So, let’s say one of our grantees generates a type of stem cell in the lab that could replace or repair cells that go awry in diseases of the brain. Good news, right? But how do you suppose scientists are going to get those cells where they are needed? Simply squirting a syringe-full of cells into the brain isn’t going to get them where they can repair disease.
This kind of technological hurdle is what we were thinking about when we funded our Tools & Technologies Awards. And now, one of those grant recipients has developed a tool that could solve the problem of how to deliver stem cells to a precise brain location.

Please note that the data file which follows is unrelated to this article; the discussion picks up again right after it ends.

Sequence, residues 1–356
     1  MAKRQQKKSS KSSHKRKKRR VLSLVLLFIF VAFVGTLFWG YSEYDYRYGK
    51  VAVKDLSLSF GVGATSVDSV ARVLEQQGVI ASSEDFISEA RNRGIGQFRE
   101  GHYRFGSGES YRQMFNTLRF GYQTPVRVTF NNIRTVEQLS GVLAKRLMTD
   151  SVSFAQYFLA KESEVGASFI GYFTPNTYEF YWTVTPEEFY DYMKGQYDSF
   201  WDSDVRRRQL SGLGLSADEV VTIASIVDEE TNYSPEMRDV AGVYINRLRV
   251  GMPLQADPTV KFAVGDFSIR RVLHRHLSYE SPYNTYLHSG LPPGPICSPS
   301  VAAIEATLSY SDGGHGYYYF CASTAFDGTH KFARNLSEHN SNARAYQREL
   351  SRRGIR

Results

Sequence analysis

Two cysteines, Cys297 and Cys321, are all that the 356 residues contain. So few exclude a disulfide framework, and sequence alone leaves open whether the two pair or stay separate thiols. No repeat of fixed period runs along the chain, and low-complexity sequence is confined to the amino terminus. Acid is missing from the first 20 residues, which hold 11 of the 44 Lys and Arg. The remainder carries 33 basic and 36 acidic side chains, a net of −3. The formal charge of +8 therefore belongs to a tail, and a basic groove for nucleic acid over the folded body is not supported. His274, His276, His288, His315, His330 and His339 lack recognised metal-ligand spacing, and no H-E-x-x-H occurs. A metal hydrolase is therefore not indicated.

Daniel Lim, a neurosurgeon and stem cell scientist at the University of California, San Francisco, used his Tools & Technologies award to develop a flexible needle that can bend and twist its way into position in the brain.
Our grantee Xianmin Zeng at the Buck Institute is planning to use Lim’s device in therapies they are developing for Parkinson’s disease and Pelizaeus–Merzbacher disease.
In a story in Nature, Lim worries that technologies like his are lagging behind the pace of advances in stem cell science:
“If we don’t do the work now before we think we need it, then it will never be ready.”